In fields with a history of root rot, a 6-year crop rotation increases average field pea yield by 9 to 11 bushels compared to a 2- or 3-year rotation. In a long-term crop rotation study conducted in Carrington, ND commercially acceptable field pea yields (49 bu/ac) were obtained when a six-year rotation (pea/wheat/barley/canola/wheat/corn) was combined with fungicide seed treatment and early planting (Figure 3).  Peas were planted just as the first producers in the area were beginning to plant wheat and soil temperatures were between 45 and 50°F.  The six-year rotation (five years out of peas) had a 9-bushel yield gain compared to a 3-year rotation (pea /wheat /wheat), and an 11-bushel yield gain compared to a 2-year rotation (pea /wheat).  Crop rotation was critical for achieving satisfactory yields but insufficient as a stand-alone management tool.  In the same study, peas in the six-year rotation yielded 44 bu/ac without fungicide seed treatment (Figure 3).

Figure 3. Yield of field pea with and without fungicide seed treatment, in three different crop rotations. Peas were planted in a field with a severe root.

In summary, these experiments suggest that with a combination of early planting, fungicide seed treatment, and a six-year crop rotation, it is possible to obtain commercially acceptable field pea yields in fields that a history of Aphanomyces and Fusarium root rot. Researchers will build on these findings by investigating the combined impact of crop rotation interval, soil temperature, and use of a fungicide seed treatment.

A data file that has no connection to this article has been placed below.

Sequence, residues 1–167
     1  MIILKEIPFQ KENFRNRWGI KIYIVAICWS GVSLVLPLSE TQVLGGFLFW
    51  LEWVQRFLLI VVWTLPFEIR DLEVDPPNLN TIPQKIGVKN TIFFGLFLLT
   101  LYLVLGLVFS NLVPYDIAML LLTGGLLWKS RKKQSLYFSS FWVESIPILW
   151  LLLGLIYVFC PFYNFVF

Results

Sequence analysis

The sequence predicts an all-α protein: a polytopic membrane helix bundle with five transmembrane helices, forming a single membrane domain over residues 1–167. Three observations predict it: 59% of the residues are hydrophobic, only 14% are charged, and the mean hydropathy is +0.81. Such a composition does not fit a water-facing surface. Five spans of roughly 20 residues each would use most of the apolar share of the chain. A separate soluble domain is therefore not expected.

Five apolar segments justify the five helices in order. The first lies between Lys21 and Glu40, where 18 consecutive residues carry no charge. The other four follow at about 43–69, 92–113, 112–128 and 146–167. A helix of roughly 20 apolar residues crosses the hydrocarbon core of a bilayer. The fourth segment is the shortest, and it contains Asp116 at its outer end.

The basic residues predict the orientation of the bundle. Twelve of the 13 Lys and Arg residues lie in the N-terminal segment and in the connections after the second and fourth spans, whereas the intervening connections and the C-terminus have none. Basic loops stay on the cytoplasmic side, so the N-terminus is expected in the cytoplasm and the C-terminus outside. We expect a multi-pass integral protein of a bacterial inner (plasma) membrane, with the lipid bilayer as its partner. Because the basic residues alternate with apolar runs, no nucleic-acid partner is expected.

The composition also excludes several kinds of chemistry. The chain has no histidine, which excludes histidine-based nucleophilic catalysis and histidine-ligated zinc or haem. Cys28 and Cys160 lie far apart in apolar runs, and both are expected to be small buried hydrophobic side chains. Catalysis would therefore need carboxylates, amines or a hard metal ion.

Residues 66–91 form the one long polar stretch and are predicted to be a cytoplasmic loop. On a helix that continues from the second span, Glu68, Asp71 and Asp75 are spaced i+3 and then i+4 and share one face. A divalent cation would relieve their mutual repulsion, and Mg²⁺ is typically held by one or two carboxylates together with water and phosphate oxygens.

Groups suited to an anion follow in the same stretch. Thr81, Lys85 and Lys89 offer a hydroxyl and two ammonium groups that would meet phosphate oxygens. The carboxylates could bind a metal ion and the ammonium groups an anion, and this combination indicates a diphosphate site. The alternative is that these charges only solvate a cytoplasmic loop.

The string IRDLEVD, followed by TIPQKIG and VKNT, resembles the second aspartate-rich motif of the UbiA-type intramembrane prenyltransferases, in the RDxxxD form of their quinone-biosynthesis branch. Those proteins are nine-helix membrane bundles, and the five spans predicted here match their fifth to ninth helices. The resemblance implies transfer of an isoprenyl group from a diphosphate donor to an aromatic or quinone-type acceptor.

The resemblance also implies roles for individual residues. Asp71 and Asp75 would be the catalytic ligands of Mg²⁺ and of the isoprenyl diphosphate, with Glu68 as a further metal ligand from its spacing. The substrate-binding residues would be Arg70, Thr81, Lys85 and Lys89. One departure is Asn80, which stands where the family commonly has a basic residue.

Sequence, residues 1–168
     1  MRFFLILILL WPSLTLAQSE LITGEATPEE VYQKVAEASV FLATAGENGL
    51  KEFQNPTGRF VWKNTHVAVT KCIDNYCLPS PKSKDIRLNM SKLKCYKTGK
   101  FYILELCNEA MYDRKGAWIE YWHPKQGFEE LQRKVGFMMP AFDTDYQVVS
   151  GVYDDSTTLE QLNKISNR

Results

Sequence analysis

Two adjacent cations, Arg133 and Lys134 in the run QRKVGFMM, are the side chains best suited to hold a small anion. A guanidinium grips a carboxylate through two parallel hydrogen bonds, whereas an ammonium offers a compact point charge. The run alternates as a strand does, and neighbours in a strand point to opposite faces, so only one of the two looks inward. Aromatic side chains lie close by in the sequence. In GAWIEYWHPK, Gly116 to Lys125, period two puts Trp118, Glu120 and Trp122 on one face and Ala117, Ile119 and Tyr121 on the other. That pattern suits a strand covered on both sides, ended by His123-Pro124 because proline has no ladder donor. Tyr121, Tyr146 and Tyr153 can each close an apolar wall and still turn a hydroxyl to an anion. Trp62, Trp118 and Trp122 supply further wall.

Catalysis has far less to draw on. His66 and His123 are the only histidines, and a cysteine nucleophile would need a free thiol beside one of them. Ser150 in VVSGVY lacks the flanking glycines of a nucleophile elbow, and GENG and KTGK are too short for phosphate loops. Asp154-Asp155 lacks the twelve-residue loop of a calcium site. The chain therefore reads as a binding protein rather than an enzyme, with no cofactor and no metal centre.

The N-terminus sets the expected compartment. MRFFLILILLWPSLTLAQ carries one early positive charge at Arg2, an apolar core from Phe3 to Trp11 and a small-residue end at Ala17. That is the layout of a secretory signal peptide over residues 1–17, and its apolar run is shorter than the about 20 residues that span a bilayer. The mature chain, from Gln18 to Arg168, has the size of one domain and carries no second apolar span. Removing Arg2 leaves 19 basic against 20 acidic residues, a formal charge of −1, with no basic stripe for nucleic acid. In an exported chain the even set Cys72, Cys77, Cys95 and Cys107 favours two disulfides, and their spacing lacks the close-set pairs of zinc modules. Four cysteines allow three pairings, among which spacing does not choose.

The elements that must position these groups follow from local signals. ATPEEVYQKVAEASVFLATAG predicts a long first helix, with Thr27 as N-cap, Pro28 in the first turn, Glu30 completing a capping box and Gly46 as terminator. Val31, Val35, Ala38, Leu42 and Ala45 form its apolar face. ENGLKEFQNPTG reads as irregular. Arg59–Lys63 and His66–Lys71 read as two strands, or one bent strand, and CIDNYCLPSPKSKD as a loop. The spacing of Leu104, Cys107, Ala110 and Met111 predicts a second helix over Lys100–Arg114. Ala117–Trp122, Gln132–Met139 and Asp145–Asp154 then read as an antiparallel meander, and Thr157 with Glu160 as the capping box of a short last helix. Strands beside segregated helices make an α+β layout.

A PDF with user-friendly slides illustrating major results from these studies is available on the NDSU Carrington Research Extension Center website.  Search for ‘NDSU Carrington Plant Pathology’ or navigate to

Acknowledgements: This research was a collaborative effort of Dr. Michael Wunsch (plant pathologist, Carrington), Dr. Audrey Kalil (plant pathologist, Williston), and John Rickertsen (agronomist, Hettinger) and their staff.  The research was made possible by grants from the Northern Pulse Growers Association, the ND Crop Protection Harmonization and Registration Board, and the USDA Specialty Crop Block Grant Program administered by the ND Department of Agriculture.

Contact Info:

Michael Wunsch, plant pathologist, NDSU Carrington Research Extension Center

663 Hwy. 281 North / PO Box 219 / Carrington, ND  58421-0219

701-652-2951 / Fax 701-652-2055 /

Published June 30, 2023